Suffolk and Essex soldiers on life on the frontline of Afghanistan evacuation
- Credit: Sarah Lucy Brown
Soldiers based in Colchester and Woodbridge witnessed "some horrendous things" as they endured the heat, stress and pressure of evacuating 15,000 people from Afghanistan.
They have been sharing their experiences of the fast-moving operation put into action as the country fell under Taliban rule.
The evacuation took place at very short notice and lasted two weeks, with 750 soldiers deploying from the 16 Air Assault Brigade Combat Team to Kabul on August 15.
Private Shayne Wilkinson, 3rd Battalion The Parachute Regiment, left his job as a construction site supervisor after 10 years to join the army and found himself deployed to Afghanistan only a month after completing his training.
The father-of-three said: "I was laying on the sofa watching a movie with the missus. I remember flicking over to Sky news and seeing another one of the lads that I know through Catterick landing in Kabul.
"I was thinking, am I meant to be somewhere else?"
Within an hour we were contacted and told to come back to Colchester and start preparing.
- 1 Andy's Angles: Six observations after Ipswich Town's 2-1 win over Fleetwood
- 2 Man in his 50s dies after head-on collision on A143
- 3 'Unique' café with 250 plus board games to play will open soon
- 4 Revealed: The most expensive towns to buy a home in Suffolk
- 5 Ambulance service apologises after woman left lying on Cornhill for 2 hours
- 6 Hadleigh home with loo in master bedroom hits the market
- 7 How Suffolk are you? Take our quiz to find out
- 8 'One of the favourites for the division' - Fleetwood boss Grayson on Town
- 9 Business units set to be converted into new seafront flats
- 10 'Kind and gentle' retired Ipswich Hospital orthopaedic consultant dies
"My partner was pretty good with it, she's very supportive but obviously worried," he added. "The kids didn't have a clue because they were asleep.
"I rung them as soon as I could, actually told them I was in the jungle training because I didn't want them to worry because they are quite young."
Shayne said the most difficult moment for him was when he was working holding a riot shield as a part of crowd management.
He described the work as mentally and physically draining, having to manage thousands of people in 30 degree heat.
Of all the evacuees, 5,000 of them were British and 8,000 were entitled Afghans, 2,100 of which were children.
Woodbridge-based Lance Corporal May Percival, 23 Parachute Engineer Regiment, was driving out of the barracks on the way to her summer leave until she received the call.
Rather than hiking up the three peaks she spent the next two weeks on her first deployment searching and processing people fleeling the Taliban, particularly women and children.
Recalling her most difficult moment she said: "When families didn't have the right documentation we couldn't allow them to be processed to come back to the UK, was probably the hardest."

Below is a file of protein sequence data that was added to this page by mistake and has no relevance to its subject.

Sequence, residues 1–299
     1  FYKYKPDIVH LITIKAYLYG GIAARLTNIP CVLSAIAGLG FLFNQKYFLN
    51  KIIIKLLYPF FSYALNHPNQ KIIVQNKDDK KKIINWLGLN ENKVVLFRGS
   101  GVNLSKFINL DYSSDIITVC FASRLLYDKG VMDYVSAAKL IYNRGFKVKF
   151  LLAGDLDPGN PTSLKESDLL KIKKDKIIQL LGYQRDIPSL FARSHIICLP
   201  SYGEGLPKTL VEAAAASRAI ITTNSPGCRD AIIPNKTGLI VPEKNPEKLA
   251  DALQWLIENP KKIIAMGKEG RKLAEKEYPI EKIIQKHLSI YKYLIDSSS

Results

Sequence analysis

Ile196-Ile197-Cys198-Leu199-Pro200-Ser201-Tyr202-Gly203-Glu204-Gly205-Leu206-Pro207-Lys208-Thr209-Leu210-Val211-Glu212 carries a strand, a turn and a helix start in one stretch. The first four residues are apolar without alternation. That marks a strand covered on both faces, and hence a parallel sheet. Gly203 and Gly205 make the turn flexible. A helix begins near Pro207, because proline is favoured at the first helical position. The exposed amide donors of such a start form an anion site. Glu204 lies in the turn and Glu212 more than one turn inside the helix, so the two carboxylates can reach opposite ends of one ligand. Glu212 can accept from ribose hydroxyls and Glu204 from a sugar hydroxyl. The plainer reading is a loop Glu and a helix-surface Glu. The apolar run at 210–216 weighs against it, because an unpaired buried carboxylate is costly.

The living conditions for everyone were far from pleasant, with the Afghans having to sleep where they stood as they had no alternative.
She added: "I was definitely out of my comfort zone, but I just put on a brave face and got on with everything I needed to do."
They would bring in families and once their documentation was checked they and their belongings would be searched
"It's such a great experience to go out and help those that are vulnerable and needed our help.
"We helped those that we could. But it's also sad that we couldn't help more."
Elmswell born Major Fiona Lankester was involved in looking after soldiers' wellbeing upon their return, which included Covid isolation periods and helping them deal with stress.
She said: "Every operation that we deploy on is very unique. with regards to the service personnel coming home they will all be affected differently by the individual events.
"You could have 20 people see one event and each person would respond very differently."
Major Lankester described the operation as an intensely humanitarian based deployment can make it more difficult for people to adjust.
The soldiers who returned will have seen "some horrendous things" and the first thing most want to do is return to their families and their homes but their care is important.
Lieutenant Colonel Justin Baker, Commanding Officer of the 17th Parachute Regiment Royal Horse Artillery is a senior member of the 16 Air Assault BCT who was involved in the planning team at Kabul airport.
Despite his experience he said he "felt nervous and excited" about deploying to the operation.
"I don't think anybody could appreciate what the full task would entail until we got over to Kabul and actually were presented with the situation," he said.
"There was clearly a level distress from the Afghan citizens and a pressure and a stress to hopefully get through that system and find a life in the UK.
"It was hard as human beings, despite being soldiers, to not absorb that experience."
Reflecting on the experience he described it as a testing and emotional for time for the soldiers as the environment was quite chaotic, it was also "an immensely positive experience" that gave 15,000 people a chance at a new life or a better life.